Back in 2015 (a age ago) an article by the World Economic Forum listed the measuring stick for data quantity. So they started with kB (1,000 bytes) and moved up to reach the ExaBytes – a billion of GB-, the ZettaBytes – 1,000 of EB- and then the YottaBytes – 1,000 ZB or 1 million EB-. At that time, EB were nowhere to be seen, not to mention YB, but is was clear that it was just a matter of time. The expectation was that the volume of data produced and the number of data that makes the web would hit that scale.
Indeed today we have reached that scale:
- the Square Kilometre Array Telescope generates 1EB of data per day! If you are not familiar with SKA, take a look at the video clip.
- in 2020 50 ZB of data will be created
- the Digital Universe today (it goes much beyond the one that is accessible using a browser) is estimated to have reached 1 YB.
In that article, probably just for fun, they mentioned bigger higher orders of magnitude, the BrontoByte and the GeopByte, the former representing 1,000 YB and the latter 1 million YB.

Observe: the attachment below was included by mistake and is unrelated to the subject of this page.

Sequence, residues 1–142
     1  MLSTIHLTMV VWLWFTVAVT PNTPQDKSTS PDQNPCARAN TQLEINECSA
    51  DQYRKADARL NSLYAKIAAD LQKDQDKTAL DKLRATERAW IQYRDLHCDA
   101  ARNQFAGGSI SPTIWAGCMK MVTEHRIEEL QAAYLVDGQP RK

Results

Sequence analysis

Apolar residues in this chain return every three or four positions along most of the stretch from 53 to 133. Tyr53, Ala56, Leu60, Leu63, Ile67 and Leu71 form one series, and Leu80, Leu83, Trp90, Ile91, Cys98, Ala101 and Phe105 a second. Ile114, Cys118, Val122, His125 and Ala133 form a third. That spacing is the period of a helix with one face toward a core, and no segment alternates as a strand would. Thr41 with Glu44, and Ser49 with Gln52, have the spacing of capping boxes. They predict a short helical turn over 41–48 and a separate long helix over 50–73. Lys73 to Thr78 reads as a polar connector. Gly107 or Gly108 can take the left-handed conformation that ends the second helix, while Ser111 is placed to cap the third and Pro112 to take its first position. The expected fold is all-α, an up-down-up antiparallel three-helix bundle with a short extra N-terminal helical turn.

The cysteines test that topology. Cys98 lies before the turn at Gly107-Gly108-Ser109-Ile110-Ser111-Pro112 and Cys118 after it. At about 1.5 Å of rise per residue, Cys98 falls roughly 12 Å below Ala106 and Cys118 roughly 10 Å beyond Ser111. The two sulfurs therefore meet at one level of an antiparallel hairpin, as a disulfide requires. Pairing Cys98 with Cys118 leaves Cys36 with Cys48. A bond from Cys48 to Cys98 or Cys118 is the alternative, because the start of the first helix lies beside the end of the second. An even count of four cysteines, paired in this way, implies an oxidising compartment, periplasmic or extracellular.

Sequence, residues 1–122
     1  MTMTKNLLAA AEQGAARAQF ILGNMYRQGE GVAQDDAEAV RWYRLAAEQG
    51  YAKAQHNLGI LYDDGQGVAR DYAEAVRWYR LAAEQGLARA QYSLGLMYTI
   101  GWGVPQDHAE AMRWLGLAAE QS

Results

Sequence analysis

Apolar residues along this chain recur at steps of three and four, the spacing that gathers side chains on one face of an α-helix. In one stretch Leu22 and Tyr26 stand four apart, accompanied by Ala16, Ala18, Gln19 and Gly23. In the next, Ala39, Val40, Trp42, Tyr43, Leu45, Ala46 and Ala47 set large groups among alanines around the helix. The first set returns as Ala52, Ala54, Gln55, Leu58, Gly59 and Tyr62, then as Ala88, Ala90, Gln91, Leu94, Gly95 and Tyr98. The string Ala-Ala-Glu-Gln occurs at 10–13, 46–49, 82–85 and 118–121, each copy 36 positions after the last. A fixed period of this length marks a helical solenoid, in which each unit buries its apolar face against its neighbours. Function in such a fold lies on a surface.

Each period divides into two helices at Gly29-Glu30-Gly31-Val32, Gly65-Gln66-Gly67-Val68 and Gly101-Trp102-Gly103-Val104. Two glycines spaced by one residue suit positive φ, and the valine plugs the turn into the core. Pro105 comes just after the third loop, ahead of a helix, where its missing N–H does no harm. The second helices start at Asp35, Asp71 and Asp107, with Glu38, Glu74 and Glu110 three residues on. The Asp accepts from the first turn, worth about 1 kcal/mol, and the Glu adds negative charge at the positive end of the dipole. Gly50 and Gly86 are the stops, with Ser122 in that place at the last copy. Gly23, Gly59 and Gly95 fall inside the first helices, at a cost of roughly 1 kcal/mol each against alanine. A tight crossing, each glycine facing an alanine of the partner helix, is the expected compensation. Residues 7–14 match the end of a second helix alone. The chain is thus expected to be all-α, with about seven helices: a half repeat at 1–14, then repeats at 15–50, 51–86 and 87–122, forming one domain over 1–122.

There is nothing in this range today, however we are starting to see the possibility that by the end of this decade we will be using the BrontoByte to size the Digital Universe. Assuming a doubling of size every year we could indeed reach 1 BrontoByte by 2030 and some people are actually foreseen an acceleration (today’s web growth is in the order of a doubling every two years, but there are many more data being produced than those ending up on the web). For interesting estimates on the quantity of data take a look at: